You can do several things to prepare for your first appointment.
Make a list of your medications. It is important for your health care team to know about any medications you are taking. You can make a list of the medications you are taking or bring in the medications in their original packaging.
For each type of medication, you need to know:
Gather your medical information from your doctor. Your family physician or other referring doctor may give you a package that includes a CD or DVD of your medical images (x-rays, CT scans, MRIs or ultrasounds). If you have this package, it is very important to bring this CD or DVD with you to your first appointment.
It is also important to collect from your doctor any information about your medical history that could be important. This includes information about previous operations, heart attacks, strokes and allergies. If you’re not sure, ask your doctor what kind of details you should gather and bring with you.
Know where to go. Review directions to the hospital to feel confident about your trip before you leave for your appointment. You can find this information in
Maps & Directions.
Each of our hospitals has an Information Desk. The staff at the info desk will be happy to show you where you need to go.
Think about what questions to ask. Some people want to learn a great deal about their condition but others are more comfortable knowing only what they have to know. Make a list of questions you want to ask so that you can get a good picture of your situation without being overwhelmed.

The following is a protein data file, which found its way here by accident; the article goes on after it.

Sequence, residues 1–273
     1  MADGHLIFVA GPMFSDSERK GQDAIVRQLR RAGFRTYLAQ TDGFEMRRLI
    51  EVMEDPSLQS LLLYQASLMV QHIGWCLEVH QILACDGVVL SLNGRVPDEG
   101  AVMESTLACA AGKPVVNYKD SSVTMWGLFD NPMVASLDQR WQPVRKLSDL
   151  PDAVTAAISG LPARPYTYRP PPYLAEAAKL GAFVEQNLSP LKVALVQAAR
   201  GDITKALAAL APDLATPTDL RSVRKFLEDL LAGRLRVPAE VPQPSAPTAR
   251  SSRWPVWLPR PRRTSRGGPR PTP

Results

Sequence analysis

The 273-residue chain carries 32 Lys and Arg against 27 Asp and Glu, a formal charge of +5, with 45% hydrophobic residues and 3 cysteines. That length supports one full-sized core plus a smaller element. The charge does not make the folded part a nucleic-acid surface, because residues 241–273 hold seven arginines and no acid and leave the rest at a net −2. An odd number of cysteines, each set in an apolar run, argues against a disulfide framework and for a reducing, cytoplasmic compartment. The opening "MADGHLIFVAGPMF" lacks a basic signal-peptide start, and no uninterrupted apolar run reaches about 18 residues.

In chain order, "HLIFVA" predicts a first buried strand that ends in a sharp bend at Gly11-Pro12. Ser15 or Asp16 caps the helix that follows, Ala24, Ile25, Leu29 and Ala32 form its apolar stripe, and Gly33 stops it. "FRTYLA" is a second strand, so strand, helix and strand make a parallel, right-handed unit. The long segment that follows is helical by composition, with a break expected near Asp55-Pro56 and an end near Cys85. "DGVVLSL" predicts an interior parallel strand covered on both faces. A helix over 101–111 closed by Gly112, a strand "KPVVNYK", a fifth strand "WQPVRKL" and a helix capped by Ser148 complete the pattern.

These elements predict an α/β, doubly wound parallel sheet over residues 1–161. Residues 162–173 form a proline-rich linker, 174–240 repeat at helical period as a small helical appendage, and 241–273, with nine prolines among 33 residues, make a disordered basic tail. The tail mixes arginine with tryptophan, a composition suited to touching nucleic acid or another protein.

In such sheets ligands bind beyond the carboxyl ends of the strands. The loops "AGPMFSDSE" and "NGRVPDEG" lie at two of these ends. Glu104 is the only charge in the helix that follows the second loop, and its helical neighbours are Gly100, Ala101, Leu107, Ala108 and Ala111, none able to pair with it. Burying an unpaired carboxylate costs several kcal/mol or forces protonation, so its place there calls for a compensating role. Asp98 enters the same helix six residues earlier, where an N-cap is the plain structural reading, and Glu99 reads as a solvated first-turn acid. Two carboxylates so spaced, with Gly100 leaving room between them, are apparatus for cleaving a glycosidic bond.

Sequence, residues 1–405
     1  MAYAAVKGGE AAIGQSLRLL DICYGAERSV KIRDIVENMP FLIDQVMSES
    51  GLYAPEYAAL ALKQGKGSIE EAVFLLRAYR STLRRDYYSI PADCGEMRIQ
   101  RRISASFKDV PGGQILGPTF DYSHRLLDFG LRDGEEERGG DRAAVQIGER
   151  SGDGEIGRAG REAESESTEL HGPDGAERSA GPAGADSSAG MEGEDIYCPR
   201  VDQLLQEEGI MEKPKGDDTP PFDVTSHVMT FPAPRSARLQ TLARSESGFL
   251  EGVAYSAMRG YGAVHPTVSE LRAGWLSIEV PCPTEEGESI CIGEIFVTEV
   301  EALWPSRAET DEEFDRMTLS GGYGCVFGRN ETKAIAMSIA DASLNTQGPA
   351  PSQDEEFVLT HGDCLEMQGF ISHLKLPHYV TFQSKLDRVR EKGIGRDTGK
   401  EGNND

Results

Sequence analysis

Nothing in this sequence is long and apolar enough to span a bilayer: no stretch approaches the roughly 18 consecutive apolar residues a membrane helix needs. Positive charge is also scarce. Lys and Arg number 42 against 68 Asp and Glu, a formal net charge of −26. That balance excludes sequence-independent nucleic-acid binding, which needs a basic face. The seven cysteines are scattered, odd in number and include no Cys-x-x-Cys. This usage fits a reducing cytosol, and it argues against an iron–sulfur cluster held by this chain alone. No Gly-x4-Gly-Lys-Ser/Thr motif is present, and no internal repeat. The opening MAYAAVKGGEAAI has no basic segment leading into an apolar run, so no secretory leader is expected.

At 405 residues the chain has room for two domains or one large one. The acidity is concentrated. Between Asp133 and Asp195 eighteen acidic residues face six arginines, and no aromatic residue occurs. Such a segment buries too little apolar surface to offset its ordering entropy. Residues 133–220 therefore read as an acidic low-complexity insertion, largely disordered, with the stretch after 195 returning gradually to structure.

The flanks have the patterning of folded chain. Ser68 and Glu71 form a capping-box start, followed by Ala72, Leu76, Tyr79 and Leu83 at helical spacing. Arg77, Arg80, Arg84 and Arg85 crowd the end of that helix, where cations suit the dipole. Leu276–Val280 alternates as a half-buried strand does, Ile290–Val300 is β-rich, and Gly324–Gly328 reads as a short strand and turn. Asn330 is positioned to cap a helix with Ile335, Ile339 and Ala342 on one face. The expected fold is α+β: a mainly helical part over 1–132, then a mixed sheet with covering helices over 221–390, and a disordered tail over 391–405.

To make your first appointment as easy as possible, do the following:
Unless you have been told otherwise, you are allowed to eat before your appointment.
Your first visit to the hospital will be a consultation. Your doctor will examine you and decide on the best way to treat you. You may wish to wear comfortable clothing that is easy to change into and out of.
It is unusual to receive treatment during your first visit, but it sometimes happens. If your doctor recommends that you have treatment on your first visit, he or she will discuss this with you during your appointment.
At UHN, you will be cared for by a team of health professionals, not just one doctor. The number and type of professionals on your health care team depends on your individual circumstances.
Each clinic at UHN is different, and may have its own specific instructions for your visit.
Find your clinic here to learn more about what you can expect.
Your visit could last several hours. Some things that can affect the length of your visit are the types of testing that need to be done and how many members of your health care team you meet.
There are lots of things you can do to get the most out of your appointment:
The hospitals of the University Health Network are teaching hospitals. Each year, thousands of people come to learn and work at UHN. This means that medical students, residents or fellows may be present during your meetings with team members. Likewise, your team may include nurses, researchers, pharmacists, social workers and other health care professionals who are gaining practical experience at UHN. These health care professional trainees work under the guidance and supervision of qualified doctors and teachers. Your doctor or other member of your health care team will tell you when a health care professional trainee will be present and participating in your care. You will be given information about the procedures a health care professional trainee will participate in and be asked for your consent.
If you are not comfortable giving your consent, you can just tell your doctor or a member of your health care team. This will not affect your care and treatment at UHN.